I WOULD like to comment on the remarks by G. Durzo in Wednesday's Advocate.
I think you have to look closer to home for contributing reasons as to why these clubs failed. Eight to 10 years ago, the Catholic club and the fishing club both had a steady patronage from the local community and I daresay visitors and tourists as well.
The Catholic club had a reasonably priced bistro, selling great-tasting food, and had a Sunday kids' club and regular under-age Blue Light Disco - all things that encouraged local families to the club each week.
A change in management stopped the kids' club and under-age discos and instead went for an upmarket, overpriced bistro. The result was local families who were regulars to the club moved on to other venues.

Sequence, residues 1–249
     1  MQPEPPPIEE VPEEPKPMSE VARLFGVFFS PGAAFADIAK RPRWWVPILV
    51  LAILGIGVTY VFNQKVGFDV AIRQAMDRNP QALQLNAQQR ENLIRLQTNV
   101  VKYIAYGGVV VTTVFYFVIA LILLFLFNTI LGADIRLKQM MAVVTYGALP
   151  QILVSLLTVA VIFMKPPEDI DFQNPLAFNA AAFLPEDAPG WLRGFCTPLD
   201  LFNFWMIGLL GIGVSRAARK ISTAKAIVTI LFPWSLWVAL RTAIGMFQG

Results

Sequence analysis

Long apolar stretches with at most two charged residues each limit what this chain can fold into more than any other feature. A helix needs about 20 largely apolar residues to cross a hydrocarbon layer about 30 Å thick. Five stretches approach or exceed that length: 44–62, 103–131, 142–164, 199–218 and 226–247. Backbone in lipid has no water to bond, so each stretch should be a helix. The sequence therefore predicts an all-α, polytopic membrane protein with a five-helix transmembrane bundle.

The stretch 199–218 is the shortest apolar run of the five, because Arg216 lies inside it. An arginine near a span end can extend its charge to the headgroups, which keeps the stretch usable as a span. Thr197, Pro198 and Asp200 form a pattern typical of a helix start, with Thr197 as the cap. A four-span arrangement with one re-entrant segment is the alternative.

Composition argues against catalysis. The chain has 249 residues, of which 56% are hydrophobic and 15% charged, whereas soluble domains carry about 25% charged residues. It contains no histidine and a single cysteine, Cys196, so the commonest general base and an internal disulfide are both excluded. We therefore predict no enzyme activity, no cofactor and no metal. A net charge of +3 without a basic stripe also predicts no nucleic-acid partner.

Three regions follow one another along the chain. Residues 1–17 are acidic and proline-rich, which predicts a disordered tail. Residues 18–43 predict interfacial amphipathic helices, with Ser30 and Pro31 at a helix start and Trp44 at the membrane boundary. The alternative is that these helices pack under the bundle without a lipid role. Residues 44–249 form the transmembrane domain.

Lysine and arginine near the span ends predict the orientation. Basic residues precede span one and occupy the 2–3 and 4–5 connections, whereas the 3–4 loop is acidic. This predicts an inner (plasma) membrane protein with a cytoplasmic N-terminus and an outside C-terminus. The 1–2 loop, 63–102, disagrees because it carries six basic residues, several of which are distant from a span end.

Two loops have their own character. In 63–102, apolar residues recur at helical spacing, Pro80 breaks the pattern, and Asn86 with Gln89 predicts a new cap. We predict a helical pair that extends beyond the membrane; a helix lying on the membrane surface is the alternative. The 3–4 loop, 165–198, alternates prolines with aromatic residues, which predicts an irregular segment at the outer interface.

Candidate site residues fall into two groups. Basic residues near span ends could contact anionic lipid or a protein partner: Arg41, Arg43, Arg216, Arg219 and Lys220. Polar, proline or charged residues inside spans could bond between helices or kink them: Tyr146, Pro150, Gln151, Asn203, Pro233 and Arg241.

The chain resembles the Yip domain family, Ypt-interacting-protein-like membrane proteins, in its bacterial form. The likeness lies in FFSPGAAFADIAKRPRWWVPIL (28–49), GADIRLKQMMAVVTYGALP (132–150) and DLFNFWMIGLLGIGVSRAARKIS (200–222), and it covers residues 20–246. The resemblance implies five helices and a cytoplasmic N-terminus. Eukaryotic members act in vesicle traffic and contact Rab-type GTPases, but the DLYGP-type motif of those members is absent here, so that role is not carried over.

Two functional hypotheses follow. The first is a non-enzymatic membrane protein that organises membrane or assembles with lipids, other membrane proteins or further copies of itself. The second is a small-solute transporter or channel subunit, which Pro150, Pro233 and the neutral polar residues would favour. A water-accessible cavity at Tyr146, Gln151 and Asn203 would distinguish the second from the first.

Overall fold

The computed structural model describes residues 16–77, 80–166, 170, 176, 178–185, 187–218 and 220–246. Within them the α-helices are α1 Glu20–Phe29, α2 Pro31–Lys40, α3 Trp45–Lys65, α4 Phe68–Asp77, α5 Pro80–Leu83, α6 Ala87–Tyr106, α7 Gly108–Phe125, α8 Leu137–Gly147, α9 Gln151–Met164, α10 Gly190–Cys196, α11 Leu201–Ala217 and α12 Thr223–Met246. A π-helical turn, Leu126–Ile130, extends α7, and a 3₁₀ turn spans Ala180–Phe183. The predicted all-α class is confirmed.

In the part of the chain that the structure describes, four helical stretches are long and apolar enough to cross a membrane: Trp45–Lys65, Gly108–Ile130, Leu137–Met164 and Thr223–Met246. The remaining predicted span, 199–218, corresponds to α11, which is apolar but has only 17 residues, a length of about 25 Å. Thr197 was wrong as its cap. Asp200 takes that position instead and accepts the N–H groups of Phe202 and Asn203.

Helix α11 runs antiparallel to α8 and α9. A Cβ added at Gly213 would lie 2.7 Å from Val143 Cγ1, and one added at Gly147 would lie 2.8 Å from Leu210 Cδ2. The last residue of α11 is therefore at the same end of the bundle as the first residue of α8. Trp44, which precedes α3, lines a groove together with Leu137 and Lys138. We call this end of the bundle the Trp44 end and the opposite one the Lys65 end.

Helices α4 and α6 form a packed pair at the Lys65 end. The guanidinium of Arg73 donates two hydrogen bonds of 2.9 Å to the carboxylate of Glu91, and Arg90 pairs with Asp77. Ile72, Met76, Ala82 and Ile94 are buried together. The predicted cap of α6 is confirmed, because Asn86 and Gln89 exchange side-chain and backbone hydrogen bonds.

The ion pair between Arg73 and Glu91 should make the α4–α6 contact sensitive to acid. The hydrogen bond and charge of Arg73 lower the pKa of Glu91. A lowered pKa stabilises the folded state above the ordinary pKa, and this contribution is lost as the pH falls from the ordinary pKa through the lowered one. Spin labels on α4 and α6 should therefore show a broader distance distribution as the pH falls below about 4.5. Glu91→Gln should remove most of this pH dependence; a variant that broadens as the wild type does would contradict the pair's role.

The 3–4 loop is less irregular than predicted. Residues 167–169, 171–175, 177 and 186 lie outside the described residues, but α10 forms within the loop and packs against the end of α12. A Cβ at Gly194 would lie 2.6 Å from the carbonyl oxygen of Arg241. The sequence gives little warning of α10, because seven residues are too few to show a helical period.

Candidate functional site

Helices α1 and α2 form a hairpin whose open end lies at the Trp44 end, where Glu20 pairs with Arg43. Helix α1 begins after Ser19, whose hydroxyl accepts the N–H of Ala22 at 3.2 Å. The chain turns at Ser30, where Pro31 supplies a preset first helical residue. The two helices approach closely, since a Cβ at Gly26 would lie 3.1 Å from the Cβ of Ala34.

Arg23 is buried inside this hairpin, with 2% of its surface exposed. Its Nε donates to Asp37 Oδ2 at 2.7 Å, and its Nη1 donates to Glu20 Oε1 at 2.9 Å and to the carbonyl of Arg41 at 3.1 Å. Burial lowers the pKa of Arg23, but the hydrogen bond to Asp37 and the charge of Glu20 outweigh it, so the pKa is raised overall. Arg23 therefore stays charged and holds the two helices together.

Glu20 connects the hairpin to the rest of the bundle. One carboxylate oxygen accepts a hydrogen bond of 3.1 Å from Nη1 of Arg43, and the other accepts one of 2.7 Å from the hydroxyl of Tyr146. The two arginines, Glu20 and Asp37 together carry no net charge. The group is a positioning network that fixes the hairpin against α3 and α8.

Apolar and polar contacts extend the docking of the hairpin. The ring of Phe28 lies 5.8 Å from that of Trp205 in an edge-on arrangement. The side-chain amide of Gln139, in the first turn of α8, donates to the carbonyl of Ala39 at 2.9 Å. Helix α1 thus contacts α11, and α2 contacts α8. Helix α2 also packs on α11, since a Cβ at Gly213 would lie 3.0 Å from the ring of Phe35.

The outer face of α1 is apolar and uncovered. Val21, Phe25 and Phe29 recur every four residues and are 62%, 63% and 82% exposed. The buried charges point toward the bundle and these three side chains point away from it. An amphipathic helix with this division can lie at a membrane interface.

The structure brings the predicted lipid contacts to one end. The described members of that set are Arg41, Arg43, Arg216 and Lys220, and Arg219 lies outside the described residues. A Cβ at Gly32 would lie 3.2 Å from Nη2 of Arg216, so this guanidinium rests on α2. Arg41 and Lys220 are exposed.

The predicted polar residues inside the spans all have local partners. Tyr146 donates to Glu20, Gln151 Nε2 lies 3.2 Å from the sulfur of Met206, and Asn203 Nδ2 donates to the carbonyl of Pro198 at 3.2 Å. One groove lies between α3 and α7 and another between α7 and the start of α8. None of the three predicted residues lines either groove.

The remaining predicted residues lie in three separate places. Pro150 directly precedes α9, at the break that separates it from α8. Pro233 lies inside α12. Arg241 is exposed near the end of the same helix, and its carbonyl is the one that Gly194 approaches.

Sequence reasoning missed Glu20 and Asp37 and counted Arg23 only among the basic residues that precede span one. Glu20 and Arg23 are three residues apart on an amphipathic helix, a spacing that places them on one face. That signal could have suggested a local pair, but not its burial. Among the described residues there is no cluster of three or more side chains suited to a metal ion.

The fishing club also had a great-priced bistro and fabulous location, and I, like many, went for a reasonably priced meal regularly to take in the view.
Again, a change in either management or direction saw them go into a $2million-plus debt for a renovation that quickly became a white elephant and took away the intimacy and welcoming feel the club had.
An overpriced bistro was installed, I suppose to try to recoup some of the loss, resulting in losing the very customers they already had.
Locals are happy to patronise this style of club.
The clubs just have to spend some time getting to know their target market and cater for them.